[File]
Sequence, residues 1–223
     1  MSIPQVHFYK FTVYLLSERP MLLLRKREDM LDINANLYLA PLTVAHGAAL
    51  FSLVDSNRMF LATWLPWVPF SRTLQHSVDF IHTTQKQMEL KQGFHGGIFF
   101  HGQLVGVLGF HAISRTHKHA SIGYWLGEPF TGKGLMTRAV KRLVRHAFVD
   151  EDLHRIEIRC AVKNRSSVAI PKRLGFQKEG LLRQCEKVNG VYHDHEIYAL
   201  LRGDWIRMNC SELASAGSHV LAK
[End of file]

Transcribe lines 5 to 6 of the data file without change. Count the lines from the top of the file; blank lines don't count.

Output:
   151  EDLHRIEIRC AVKNRSSVAI PKRLGFQKEG LLRQCEKVNG VYHDHEIYAL
   201  LRGDWIRMNC SELASAGSHV LAK